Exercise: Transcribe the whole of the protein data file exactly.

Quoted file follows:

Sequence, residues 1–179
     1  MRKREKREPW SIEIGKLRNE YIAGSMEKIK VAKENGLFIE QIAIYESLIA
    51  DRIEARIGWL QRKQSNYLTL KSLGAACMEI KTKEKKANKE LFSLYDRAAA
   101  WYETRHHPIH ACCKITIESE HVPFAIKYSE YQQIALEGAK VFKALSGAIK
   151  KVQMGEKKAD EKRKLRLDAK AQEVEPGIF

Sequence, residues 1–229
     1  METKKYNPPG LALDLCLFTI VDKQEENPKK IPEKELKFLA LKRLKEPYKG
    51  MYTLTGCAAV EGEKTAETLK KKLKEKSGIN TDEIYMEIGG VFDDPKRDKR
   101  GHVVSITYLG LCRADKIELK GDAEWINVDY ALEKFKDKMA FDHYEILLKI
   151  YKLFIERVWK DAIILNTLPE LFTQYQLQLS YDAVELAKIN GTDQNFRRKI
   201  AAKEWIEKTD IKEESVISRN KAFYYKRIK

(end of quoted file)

Sequence, residues 1–179
     1  MRKREKREPW SIEIGKLRNE YIAGSMEKIK VAKENGLFIE QIAIYESLIA
    51  DRIEARIGWL QRKQSNYLTL KSLGAACMEI KTKEKKANKE LFSLYDRAAA
   101  WYETRHHPIH ACCKITIESE HVPFAIKYSE YQQIALEGAK VFKALSGAIK
   151  KVQMGEKKAD EKRKLRLDAK AQEVEPGIF

Sequence, residues 1–229
     1  METKKYNPPG LALDLCLFTI VDKQEENPKK IPEKELKFLA LKRLKEPYKG
    51  MYTLTGCAAV EGEKTAETLK KKLKEKSGIN TDEIYMEIGG VFDDPKRDKR
   101  GHVVSITYLG LCRADKIELK GDAEWINVDY ALEKFKDKMA FDHYEILLKI
   151  YKLFIERVWK DAIILNTLPE LFTQYQLQLS YDAVELAKIN GTDQNFRRKI
   201  AAKEWIEKTD IKEESVISRN KAFYYKRIK